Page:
Android patches take a long time to reach users’ devices, weakening Android security

Google’s security team recently published a year review of 0-day vulnerabilities exploited in 2022. These reports are not intended to delve into each individual vulnerability, but rather to examine the year as a whole, identifying trends, gaps, experiences, lessons, and areas of success.

In this report, Google highlights industry-wide concerns: although vulnerabilities can be discovered and fixed relatively quickly, the delivery of these patches to user devices often requires a considerable amount of time.

To illustrate, consider an ecommerce app exploiting an Android system vulnerability to gain escalated privileges, transforming user devices into botnets. The exploited vulnerability was patched two months prior, yet the majority of Android devices have not received this update, allowing the ecommerce app to potentially launch another attack.

The report states that the extended time for Android patches to reach user devices compromises Android’s security.

Here are key points extracted from the report:

1. Due to the elongated patch times, N-day vulnerabilities function similarly to 0-day on Android: Google posits that within the Android ecosystem, users may be unable to receive patches for extended periods. Attackers don’t require 0-day vulnerabilities, they can leverage N-day vulnerabilities, acting as 0-day. The term N-day refers to the interval from when a patch is released to when it is actually installed by the user. Because end-users can’t promptly receive patches, this window of time can be exploited by attackers.

2. Zero-click exploits and new browser mitigation measures can reduce browser 0-days: Many attackers have shifted towards zero-click vulnerabilities, which require no user action to execute an attack, typically targeting components outside of the browser. Most major browsers have implemented new defensive measures, rendering exploits more challenging. This could potentially drive attackers toward other surfaces.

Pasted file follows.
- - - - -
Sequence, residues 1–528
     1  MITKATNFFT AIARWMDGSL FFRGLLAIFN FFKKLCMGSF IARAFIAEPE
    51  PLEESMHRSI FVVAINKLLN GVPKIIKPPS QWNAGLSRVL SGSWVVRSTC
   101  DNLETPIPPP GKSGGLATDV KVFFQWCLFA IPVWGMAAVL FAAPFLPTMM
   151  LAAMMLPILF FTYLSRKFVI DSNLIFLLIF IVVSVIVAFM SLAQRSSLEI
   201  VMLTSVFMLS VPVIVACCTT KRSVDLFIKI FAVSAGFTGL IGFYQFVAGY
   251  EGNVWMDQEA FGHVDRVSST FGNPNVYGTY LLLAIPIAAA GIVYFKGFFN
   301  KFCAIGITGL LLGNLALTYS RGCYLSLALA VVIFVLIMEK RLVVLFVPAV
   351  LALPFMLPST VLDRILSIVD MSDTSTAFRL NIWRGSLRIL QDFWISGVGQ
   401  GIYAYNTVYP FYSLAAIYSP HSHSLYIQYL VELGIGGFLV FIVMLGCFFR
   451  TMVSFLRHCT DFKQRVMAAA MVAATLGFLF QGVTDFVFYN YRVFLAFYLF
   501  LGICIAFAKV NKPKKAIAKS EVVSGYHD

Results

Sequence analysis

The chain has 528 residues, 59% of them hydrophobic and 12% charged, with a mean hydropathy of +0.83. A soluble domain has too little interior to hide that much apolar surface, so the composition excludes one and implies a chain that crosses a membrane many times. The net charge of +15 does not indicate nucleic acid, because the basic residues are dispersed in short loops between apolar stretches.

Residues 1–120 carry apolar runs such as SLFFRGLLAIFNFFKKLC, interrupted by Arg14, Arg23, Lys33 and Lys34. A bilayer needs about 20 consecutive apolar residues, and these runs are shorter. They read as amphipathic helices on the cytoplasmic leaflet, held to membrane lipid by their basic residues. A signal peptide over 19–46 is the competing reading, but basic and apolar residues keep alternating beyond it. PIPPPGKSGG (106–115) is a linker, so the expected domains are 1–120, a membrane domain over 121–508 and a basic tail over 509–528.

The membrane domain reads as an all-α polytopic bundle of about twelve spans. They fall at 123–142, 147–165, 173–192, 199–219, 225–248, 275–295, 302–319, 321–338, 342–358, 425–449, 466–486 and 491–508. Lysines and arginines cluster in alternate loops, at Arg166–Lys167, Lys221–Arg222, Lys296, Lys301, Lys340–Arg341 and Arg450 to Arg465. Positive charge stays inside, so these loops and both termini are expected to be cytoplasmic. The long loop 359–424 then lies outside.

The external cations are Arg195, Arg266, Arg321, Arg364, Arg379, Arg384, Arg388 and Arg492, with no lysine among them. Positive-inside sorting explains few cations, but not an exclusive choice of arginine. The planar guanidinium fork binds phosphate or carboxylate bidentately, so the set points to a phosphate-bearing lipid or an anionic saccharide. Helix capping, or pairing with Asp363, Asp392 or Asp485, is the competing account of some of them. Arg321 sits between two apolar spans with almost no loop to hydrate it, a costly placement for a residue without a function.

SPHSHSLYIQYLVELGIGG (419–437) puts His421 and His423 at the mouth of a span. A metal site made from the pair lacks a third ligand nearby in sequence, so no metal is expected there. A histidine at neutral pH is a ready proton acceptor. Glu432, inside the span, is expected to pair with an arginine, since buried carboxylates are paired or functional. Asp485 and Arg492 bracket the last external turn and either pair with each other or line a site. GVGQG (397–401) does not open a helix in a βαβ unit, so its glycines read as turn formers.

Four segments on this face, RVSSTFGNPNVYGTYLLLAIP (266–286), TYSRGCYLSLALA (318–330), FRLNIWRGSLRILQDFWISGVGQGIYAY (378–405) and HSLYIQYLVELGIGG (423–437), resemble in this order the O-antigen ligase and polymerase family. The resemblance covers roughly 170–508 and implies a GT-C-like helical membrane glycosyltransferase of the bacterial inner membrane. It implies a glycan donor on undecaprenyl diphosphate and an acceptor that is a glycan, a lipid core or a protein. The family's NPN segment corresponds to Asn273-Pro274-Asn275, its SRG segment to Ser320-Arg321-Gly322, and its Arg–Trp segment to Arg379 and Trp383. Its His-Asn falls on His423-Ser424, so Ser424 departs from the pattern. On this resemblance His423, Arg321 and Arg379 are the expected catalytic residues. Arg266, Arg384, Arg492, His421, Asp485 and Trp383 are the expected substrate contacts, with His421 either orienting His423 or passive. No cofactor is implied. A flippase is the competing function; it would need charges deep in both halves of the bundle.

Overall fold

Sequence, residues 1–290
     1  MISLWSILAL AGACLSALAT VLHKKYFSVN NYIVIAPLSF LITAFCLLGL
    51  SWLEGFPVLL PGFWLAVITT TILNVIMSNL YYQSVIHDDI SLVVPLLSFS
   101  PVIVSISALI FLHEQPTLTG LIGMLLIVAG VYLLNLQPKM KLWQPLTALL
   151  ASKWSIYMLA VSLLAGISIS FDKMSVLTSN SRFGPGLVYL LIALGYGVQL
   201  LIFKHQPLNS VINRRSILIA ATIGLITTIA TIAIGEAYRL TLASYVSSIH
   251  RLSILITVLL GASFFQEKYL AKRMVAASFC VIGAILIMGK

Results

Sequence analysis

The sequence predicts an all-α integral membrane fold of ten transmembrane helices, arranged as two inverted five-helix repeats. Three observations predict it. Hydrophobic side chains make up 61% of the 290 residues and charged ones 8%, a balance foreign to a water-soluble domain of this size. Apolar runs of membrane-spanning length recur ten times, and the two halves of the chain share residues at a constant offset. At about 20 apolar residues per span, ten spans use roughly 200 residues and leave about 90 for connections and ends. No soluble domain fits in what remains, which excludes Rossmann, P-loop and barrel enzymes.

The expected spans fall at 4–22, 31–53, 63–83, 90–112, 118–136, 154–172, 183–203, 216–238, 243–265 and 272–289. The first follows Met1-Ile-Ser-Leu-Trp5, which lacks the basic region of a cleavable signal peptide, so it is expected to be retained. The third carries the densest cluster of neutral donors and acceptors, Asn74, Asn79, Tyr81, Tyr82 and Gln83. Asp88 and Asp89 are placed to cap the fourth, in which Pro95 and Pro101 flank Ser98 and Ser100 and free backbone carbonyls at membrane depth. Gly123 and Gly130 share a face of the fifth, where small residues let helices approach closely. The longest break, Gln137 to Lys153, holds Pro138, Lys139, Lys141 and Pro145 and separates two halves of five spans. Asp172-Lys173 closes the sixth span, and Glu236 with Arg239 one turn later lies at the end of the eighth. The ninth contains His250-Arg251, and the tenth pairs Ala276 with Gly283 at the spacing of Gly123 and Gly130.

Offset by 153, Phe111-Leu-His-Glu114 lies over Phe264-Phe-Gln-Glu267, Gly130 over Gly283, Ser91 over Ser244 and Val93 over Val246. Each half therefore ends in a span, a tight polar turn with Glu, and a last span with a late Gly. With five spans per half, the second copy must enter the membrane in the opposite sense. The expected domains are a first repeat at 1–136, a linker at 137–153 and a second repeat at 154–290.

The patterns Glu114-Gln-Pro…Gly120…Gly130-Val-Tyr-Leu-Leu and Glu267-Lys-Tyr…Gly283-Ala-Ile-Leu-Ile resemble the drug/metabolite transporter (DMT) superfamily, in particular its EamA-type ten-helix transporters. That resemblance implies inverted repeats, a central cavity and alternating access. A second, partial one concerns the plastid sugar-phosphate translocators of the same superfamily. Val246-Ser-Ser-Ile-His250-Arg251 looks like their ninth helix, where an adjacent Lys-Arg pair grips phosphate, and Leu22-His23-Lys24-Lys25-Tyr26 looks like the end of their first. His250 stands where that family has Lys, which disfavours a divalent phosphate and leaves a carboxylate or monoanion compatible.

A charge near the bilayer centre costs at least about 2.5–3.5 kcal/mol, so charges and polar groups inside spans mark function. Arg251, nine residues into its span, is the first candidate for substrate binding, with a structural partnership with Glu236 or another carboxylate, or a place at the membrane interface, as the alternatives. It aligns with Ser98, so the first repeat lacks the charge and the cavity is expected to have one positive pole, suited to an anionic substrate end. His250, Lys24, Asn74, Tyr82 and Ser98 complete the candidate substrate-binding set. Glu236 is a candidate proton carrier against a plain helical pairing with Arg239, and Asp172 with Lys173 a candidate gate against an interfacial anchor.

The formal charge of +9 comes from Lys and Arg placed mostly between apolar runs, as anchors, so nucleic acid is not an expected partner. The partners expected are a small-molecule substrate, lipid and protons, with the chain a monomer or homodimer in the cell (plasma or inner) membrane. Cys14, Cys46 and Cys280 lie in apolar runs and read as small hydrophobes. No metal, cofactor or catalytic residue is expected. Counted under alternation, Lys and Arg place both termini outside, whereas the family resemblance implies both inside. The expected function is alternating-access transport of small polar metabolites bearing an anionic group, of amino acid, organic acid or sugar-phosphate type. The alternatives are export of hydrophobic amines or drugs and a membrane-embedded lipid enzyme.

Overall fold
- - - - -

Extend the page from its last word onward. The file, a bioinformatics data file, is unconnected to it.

3. Over 40% of 0day vulnerabilities are variants of previously reported vulnerabilities: Of the 41 vulnerabilities reported in 2022 that have been exploited in the wild, 17 are variants of previously reported vulnerabilities. This is a continuation of the worrying trend identified in the 2020 report and the mid-2022 report, suggesting that we may see an increased emergence of related vulnerabilities in the future.

4. Bug collisions are high: Vulnerability exploitation is not subject to copyright, so once a vulnerability is discovered, many other attackers will swiftly exploit it, leading to multiple security personnel reporting the same vulnerability. When vulnerabilities are discovered, promptly fixed, and patched on user devices, it disrupts the actions of more potential attackers.

Google urges the industry to maintain focus on the following areas:

1. More comprehensive and timely vulnerability patching to address variant vulnerabilities and the issue of N-days being treated as 0-days.

2. Encourage more platforms to follow in the footsteps of browsers, implementing broader vulnerability mitigation measures to reduce the exploitability of an entire class of vulnerabilities.

3. Transparency and collaboration between suppliers and security maintainers should continue to grow, enabling the sharing of technical details and joint detection of vulnerability exploitation chains across multiple products.